Hispanic students are the fastest growing population in U.S. public school systems, representing one in five students in grades K-12 and one in four in kindergarten. Yet they also have a drop-out rate that is close to 50 percent. How to reverse that statistic and help these students enter and graduate from college was the theme of a two-day National Summit and Call to Action hosted by the White House Initiative on Educational Excellence for Hispanics.
Education leaders gathered in Washington on Monday and Tuesday to share best practices and strategize about ways to increase education access for Hispanic-Americans and help reach President Barack Obama’s goal to significantly increase college graduation rates by 2020. Obama will sign an executive order on Tuesday aimed at helping raise Hispanic academic achievement.
The summit is a follow-up of visits that Juan Sepulveda, executive director of the White House Initiative, made to more than 90 communities in 20 states seeking ideas and information about how to improve education achievement levels for Hispanics. More than 15 government officials from the Department of Education, Housing and Urban Development and Health and Human Services attended the event.
There was broad consensus that such an effort must begin a lot earlier. Several participants shared their concerns that not enough is being done to engage parents, even those with limited English-speaking skills, in their children’s education.
Maria Acevedo, president of Communicart, said there are not enough inspiring images of Hispanics and Latinos serving in professions like science and medicine that would encourage them to see higher education as a viable option.
“So often kids are exposed to images of where we don’t want them to go — don’t do drugs, don’t get pregnant, don’t join a gang—rather than were we do want them to go in terms of becoming an engineer or a doctor, so it’s very hard for them if they’ve never seen that,” she said.
Dr. Eduardo Ochoa, an assistant secretary in the Department of Education’s Office of Postsecondary Education, cited several programs worth more than $2 billion aimed at supporting Hispanic and other ethnic minority and underserved communities, many of them focusing on the STEM fields. But he also expressed concern about the budget cuts many states are facing and said more must be done to arrest cutbacks that threaten to reduce the capacity of state universities and community colleges.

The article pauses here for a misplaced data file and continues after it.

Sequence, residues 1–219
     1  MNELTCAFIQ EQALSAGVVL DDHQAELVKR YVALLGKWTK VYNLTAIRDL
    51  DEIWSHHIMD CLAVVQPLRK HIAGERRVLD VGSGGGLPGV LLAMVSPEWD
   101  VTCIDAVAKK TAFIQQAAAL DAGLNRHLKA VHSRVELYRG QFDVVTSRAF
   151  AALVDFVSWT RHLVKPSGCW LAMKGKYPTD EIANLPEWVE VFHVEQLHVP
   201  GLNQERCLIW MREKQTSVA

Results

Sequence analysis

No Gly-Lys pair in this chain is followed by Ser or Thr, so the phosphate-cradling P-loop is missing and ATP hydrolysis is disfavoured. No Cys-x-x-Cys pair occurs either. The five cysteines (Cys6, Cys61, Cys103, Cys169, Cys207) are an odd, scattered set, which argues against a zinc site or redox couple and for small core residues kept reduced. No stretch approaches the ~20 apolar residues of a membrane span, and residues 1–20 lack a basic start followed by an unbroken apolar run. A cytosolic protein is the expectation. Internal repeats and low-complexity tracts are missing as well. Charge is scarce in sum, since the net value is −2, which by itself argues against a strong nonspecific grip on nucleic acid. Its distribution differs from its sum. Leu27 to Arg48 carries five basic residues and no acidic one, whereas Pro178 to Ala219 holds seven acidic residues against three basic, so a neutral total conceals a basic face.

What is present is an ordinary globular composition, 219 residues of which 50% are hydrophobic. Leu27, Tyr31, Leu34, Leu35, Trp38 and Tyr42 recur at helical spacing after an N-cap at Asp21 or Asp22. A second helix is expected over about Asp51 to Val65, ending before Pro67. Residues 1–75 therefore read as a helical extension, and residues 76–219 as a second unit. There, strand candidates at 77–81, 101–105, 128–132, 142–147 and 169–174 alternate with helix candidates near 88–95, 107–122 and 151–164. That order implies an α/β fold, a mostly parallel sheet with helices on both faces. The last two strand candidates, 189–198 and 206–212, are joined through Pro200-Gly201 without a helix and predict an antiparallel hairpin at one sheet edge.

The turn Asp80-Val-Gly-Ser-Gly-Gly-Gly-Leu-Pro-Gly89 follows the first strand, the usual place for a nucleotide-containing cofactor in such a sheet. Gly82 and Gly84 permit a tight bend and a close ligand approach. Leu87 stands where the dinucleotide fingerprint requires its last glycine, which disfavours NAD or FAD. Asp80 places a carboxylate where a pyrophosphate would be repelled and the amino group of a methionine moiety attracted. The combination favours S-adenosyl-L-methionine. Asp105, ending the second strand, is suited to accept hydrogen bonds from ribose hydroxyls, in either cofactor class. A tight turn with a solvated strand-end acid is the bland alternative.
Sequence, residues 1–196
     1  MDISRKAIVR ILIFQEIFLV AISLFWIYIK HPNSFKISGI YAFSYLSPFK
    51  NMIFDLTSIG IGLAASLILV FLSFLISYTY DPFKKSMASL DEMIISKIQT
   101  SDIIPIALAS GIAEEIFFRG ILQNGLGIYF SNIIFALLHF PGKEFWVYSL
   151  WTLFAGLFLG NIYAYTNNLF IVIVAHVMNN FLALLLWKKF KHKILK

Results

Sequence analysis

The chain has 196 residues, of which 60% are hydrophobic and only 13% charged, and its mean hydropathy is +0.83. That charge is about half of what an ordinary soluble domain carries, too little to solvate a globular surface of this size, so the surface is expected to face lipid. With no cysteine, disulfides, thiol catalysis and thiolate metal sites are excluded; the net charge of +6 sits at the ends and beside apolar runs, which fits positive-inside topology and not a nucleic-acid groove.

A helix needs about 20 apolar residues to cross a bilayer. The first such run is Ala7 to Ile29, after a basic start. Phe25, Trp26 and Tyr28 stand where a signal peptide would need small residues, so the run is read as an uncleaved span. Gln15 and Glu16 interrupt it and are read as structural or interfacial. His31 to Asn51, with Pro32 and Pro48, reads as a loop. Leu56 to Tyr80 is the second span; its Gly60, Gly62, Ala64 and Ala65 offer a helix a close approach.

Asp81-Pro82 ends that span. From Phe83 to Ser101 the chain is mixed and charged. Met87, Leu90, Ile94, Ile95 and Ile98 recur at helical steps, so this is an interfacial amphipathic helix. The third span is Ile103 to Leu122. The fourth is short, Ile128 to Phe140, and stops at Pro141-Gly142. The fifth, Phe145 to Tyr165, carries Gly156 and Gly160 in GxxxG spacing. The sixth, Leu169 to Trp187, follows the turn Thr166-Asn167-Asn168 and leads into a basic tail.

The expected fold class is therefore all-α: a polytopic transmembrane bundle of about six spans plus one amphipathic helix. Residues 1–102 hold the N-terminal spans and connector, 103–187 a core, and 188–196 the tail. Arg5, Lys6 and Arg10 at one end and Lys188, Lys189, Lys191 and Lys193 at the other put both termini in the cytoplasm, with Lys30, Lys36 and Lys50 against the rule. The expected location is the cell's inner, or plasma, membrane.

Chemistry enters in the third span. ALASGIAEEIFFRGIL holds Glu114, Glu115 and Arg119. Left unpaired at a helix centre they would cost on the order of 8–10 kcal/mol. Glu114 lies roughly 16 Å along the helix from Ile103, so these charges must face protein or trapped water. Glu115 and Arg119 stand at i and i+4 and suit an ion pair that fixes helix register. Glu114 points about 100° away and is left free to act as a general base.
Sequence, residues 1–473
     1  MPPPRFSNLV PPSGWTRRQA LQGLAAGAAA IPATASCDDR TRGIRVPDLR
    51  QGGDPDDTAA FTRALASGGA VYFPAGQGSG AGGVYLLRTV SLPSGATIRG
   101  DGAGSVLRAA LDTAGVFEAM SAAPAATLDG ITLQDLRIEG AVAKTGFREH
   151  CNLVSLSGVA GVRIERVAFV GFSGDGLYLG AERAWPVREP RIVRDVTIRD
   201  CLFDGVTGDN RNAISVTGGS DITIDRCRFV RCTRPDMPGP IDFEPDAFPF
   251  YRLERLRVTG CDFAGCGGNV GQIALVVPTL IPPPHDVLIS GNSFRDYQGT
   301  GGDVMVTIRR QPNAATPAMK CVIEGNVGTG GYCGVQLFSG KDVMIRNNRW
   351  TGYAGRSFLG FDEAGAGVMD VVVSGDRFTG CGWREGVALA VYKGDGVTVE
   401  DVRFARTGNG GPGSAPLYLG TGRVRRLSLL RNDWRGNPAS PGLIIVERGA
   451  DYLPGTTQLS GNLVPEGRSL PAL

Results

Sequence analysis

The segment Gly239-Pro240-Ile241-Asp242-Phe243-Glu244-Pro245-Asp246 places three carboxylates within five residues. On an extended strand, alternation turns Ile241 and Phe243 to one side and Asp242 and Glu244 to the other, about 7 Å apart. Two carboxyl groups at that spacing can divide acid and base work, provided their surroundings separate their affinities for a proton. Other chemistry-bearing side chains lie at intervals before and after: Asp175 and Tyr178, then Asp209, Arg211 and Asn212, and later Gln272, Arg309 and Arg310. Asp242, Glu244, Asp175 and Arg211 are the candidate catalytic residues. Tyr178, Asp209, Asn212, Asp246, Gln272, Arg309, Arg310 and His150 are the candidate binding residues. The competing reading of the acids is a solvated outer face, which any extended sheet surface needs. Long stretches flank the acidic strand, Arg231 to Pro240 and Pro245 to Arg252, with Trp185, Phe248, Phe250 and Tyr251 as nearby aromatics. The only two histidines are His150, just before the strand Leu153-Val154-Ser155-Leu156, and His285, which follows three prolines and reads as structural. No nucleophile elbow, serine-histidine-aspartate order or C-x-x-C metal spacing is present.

Chris Cox, representing the Texas High School Project, presented a unique challenge in which students earn dual credits so that by the time they enter their senior year in high school, they’re prepared to begin their junior year at a four-year institution. But because they haven’t graduated yet, they have problems getting financial aid. It’s a challenge that Ochoa is happy to take on and said he would explore ways around it.
One of the summit’s moderators challenged attendees to take advantage of the many grant opportunities available from the federal government as a way to work around some of the budget cuts their communities are facing.
“We know that many of your institutions haven’t done that for various reasons but as leaders the charge you have is to go to your community college and other institutions serving our students and ask if they’re applying to these grant programs,” he said. “If they’re not, ask why not and if they are, find out how they’re benefitting with real numbers.” If the leaders don’t do that, he said, they’re not doing their jobs, and warned that they’ll be discussing the same issues in 2020 and will not have made much progress.
Hispanic Scholarship Fund President Frank Alvarez said the summit was the perfect way to respond to the feedback that Sepulveda got during his listening tour around the country. He said that the White House Initiative on Educational Excellence for Hispanics is now a lot more responsive.
“The times are different now and the U.S. understands that Hispanics can be an anchor or a catalyst for the country, so there’s an effort to put some steam behind that,” he said. “My hope is that there will be more listening than talking at the summit. It’s clear we’re going to get much better returns if we work together, not just for the Latino community, but across all communities.”
Alvarez also said he’d like to see various organizations and higher education institutions begin to line up their programs around the common theme of collaboration.
“My hope is that the call to action results in people starting to line up their programs around a common theme instead of trying to convince others to follow theirs,” he said.